I decided to write this memo in response to some of the questions I have seen posted. I am not sure if you really want an answer or if you were just being rhetorical, but your questions seemed very honest and I thought they deserved honest answers. I may not be the best spokesman for this, and I certainly have no authority to speak on behalf of the LDS faith, but I am a member of the LDS faith. I am also a licensed therapist and I have worked with people with same-sex attraction. I care about my clients and I strive to help my clients reach their goals based on their personal set of beliefs, not to impose my beliefs onto them. That being said, I am allowed to have my own beliefs and I feel it is my responsibility to vote according to my conscience and belief. Also, I am not writing this to force my beliefs on you (as that lame anti-Mormon commercial would have you believe – you know, the one with the evil missionaries invading the home of the lesbian couple). I am only writing this as a response to your question. If you don’t want to hear the other side of the issue, then don’t read this. If you do read this, please make the effort to understand my point of view rather than criticize.My purpose is not to persuade you of these beliefs. Please don’t read this with the idea that you are going to “catch” me in discrepancies of logic. Religion is not a logical thing. Instead, I am only hoping to show that the support of proposition 8 is not based in meanness and to try to help you understand the point of view of some of us that supported Prop 8.Before I get started on religious issues, I would like to point out that the people of California voted on this same issue 8 years ago. It should be concerning to all Americans that the supreme court in California decided to ignore the will of the people and make their own decision. Regardless of the sensitivity of this particular issue, it is VERY scary that the people of the state can make themselves clear through a democratic vote and then be overruled by a few elitist judges. Regardless of the issue, it should upset all Americans that a few judges in positions of power are dictating their will on the majority. It is a good bet that there are people so upset by the judges’ decision to legislate new entitlements against the will of the people that they voted YES on Prop 8 this year in order to demonstrate to the activist judges and to the Supreme Court that California is not a dictatorship. This will hopefully make a point to the judges that they are to rule on law, not create law. This may make supporters of gay marriage angry, but they should keep in mind that next time it could be a policy or law that they oppose that is ruled legal by rogue judges. This political activism by judges is a serious threat to democracy and it is critical that it not be allowed regardless of the issue (and in this case, it probably backfired on them).I should also point out that though the LDS faith has gotten much more media attention than other faiths involved in the Prop 8 controversy, it is by no means the only Christian faith involved. That being said, I will only attempt to explain theology based on LDS or “Mormon” beliefs.First, it is important to note that Mormon’s have a religious right to believe in traditional marriage being defined as a marriage between a man and woman. To deny this right would be just as prejudice as trying to deny the right of a Hindu to hold the cow sacred, or the right of pagans to worship the various gods of nature. Whether they should get involved in proactive politics is a completely different subject. In other words, there are two questions being asked. The first is, “Should Mormon’s vote based on their religious beliefs?” The second is “Why do Mormon’s believe that marriage should only be between a man and a woman?”1. Should Mormon’s vote based on their religious beliefs?The first concern to members of the Church of Jesus Christ of Latter Day Saints is the legal ramifications in regards to performing marriages. If same-sex marriages are ruled legal, it is very possible that all churches will be required to perform same-sex marriages in their chapels and temples. Failure to comply to perform legal same-sex marriages could possibly result in loss of their legal status as a church, including their federal tax exempt status. The problem Mormons have is not that they want to shape the law. The problem is that failure to support Prop 8 will result in the rule of law shaping their practice as a church. By the way, when the founding fathers wrote about separation of church and state, using the government to dictate how people worship is exactly what they meant to avoid. They were not talking about keeping the faith of people out of government; but instead referring to the government intervention in the doctrines of people’s faith. At the time, the English monarchy had a long history of controlling religious beliefs for the purpose of gaining power over the people. Evidence of this is in the phrase, “In god we trust.” Placing this on nearly every founding document shows that the intention was not to keep faith out of government, but instead to keep government out of the business of dictating faith. For instance, if homosexuals wanted to start a new tradition of civic unions and give it a new name besides “marriage,” Mormons would likely be very tolerant and indifferent to the whole thing (as long as you don’t teach it to their kids or require them to participate).Second is the problem with teaching children about marriage. If same-sex marriage is legalized, will a church be allowed to teach that it is immoral or will they be forced to tolerate what they consider as immoral? (Again, their right to view same-sex marriage as immoral is not in question – America was created for the purpose of tolerating different religious views). This also creates the problem of the effect this will have in schools and society as a whole. Mormons will be faced with a choice of homeschooling their children or having them exposed to a belief that is directly opposed to their moral values. Remember, regardless of whether you agree or not, people have a right to determine their religious and moral beliefs. Mormons also believe it is wrong to drink tea and coffee. If there was a measure on the ballot trying to force them to serve tea and coffee in their church or require schools to teach that tea and coffee are good, than the Mormons would likely oppose that also. For this reason, every time an elementary teacher takes a group of children to witness a same-sex marriage it reinforces the fears that Mormons have (and other traditionalists) that these immoralities will be overtly preached to their children. Again, this is an example of how liberal activists really are hurting the homosexual cause in the eyes of the traditional Christian majority due to the perception that they are actively striving to influence the perception of children. I have heard repeatedly the mantra from the picket line to leave homosexuals to live their lives and in return they will allow Mormons to live their lives. However, the above examples are a clear testament that this is simply not true. The homosexual community will never feel they have equality until their agenda is taught to children as being completely acceptable. Where is the right of the traditionalist to maintain their values? How is teaching immorality to our children, forcing churches to perform same-sex marriage, and being called a bigot for our beliefs leaving us alone? Where is the ACLU to defend the rights of Mormons to practice their religion? Is it possible for Mormons to hold their concept of Marriage sacred without being judged as homophobic or bigoted?Next, is the concept of worthiness within the Church. The Mormons have a number of ordinances (such as performing marriages, passing the sacrament, performing baptisms, etc.) that must be performed by a member of the church who wholeheartedly upholds all the values, morals, and commandments of the Church. If same-sex marriage were legalized, would the church be allowed to discriminate and determine who can and cannot perform these ordinances or will the ACLU and other activists begin to file lawsuits forcing the church to allow those legally married homosexuals to perform all the ordinances that a heterosexual can perform? Again, remember that it is not acceptable to change the doctrines of our religion to fit the world’s values. This is truly the violation of state dictating to church that the founding fathers were trying to prevent.Remember, my purpose is not to persuade you to subscribe to the Mormon beliefs. I only hope to help you understand why Mormons resist the legalizing of same-sex marriage and what it means to our religion. Our support is not an attack on anyone, it is a whole heartedly defensive measure designed to keep the government from dictating how we must practice our religion. Ironically, from the Mormon point of view, our way of life is what we feel is under attack.This brings us to the second question that I asked above:2. Why do Mormon’s believe that marriage should only be between a man and a woman?I should make it clear that having an attraction to the same-sex is not considered a sin (any more than if a heterosexual man or woman had an attraction to a person of the opposite sex). It’s when someone acts on any sexual desire outside the bonds of marriage that creates the problem. This is where it gets a little complicated. Obviously, if Mormons would simply change their beliefs to include same-sex marriages, the problem would be solved. Why don’t they do this? In order to understand this, you will need to understand two things: The first is that everything we believe is based around the eternal unit of the family and the sacred privilege to bear children within the bonds of marriage. The second is that we believe in modern-day revelation.Mormons are not just giving lip service to the concept of a prophet. As insane as the rest of the world may consider this to be, we really believe that the president of our church is a prophet of God who currently receives direct revelation from God in all things. The Church of Jesus Christ of Latter-Day Saints is not a democracy, but a restoration of the very same gospel that was on the earth during the Old and New Testament. There are members of the Mormon Church that may wish that same-sex marriage would be made “OK.” However, their faith requires that they make the choice to either accept the teachings of the prophet or not. There is no in-between. The Church is either true or it is not true. If it is not true, then I might as well leave it and do as I want (and believe me, the temptations of life do beckon to all of us). However, if it is true, then I need to have faith that the doctrines are also true and it does no good for me to work to change those doctrines. Who am I to change the doctrines of God? I would never force someone to have the same beliefs as me, but I must, in good conscience, exercise my right to define and defend the most sacred covenant of marriage.I would like to share with you that I have worked with several clients (and a close family member) that are strong members of the LDS faith and are also struggling with same-sex attraction. It is heart wrenching to see their pain. They explained to me that they seem to be faced with the choice of turning their back on their beliefs, living a life without a partner, or living life with a partner of the opposite sex that they are not attracted to. I admit I do not have a suitable answer to this dilemma. I do know that I am not worthy to judge them for whatever decision they choose and I offer them as much love and support as I am able. As a therapist, I do not steer their beliefs. Indeed, some of my clients asked if I am a member of the LDS church and some did not ask until after they had explained their feelings to me. Also, though every group of people has a few bad seeds, the members of the LDS church that I know are very loving and supportive of homosexuals. The problem lies in the basic fundamental difference of belief that same-sex attraction is a “problem” to overcome rather than an acceptable way of life. I understand how this is offensive to the mainstream “gay” community. I wish it wasn’t. It is not meant to offend any more than it should offend anyone to have a different religious belief than someone else. It is just a different belief, not a wish for any ill will towards others.So, when you ask why people are so mean that they would vote for Proposition 8, I would say that it is not based on meanness. It is based on religious belief and a determination to act on that belief rather than sit idly on the sidelines while the government redefines a covenant that we hold sacred. I hope you have read this in the spirit of trying to understand the other side of the issue. I put a lot of time into this letter and I hope it is seen as an effort to build a bridge rather than as a tool of divisiveness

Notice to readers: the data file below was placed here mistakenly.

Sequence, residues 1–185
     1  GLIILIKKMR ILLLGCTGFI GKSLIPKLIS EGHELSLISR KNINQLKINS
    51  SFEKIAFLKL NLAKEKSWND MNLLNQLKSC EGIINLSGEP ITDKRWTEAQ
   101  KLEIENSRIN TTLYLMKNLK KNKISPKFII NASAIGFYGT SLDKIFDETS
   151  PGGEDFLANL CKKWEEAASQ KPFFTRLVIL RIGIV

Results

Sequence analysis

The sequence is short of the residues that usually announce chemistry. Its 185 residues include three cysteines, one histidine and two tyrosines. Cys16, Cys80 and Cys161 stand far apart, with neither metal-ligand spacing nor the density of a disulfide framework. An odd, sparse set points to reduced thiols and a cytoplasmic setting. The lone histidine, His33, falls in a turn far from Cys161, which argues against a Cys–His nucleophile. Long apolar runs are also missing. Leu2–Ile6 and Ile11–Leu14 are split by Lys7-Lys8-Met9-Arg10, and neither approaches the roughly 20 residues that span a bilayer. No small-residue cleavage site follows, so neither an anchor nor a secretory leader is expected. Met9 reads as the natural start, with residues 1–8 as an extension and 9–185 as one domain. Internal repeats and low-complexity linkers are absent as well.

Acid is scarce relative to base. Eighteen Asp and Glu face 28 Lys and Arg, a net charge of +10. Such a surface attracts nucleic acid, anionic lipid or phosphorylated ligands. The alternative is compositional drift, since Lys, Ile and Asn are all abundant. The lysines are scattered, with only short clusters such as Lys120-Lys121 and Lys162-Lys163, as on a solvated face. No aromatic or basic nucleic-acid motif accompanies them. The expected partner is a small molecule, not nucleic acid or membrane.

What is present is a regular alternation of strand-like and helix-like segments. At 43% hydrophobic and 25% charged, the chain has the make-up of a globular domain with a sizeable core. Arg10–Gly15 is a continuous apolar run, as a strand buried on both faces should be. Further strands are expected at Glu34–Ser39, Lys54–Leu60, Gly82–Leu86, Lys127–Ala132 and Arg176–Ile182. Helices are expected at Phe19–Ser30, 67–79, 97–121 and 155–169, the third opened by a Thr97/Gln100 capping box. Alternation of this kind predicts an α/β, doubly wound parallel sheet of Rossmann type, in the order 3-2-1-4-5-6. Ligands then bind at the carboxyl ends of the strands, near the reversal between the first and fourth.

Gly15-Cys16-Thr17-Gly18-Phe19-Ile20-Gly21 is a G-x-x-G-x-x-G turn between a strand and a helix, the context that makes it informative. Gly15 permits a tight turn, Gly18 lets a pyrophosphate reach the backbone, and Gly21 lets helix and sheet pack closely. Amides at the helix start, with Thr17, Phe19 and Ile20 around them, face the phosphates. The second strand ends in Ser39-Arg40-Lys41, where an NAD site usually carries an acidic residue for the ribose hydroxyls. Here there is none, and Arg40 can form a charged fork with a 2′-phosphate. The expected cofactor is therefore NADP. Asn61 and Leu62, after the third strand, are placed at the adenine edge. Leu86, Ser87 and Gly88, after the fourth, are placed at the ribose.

Thanks Kraig! This says it perfectly! You did what I could not!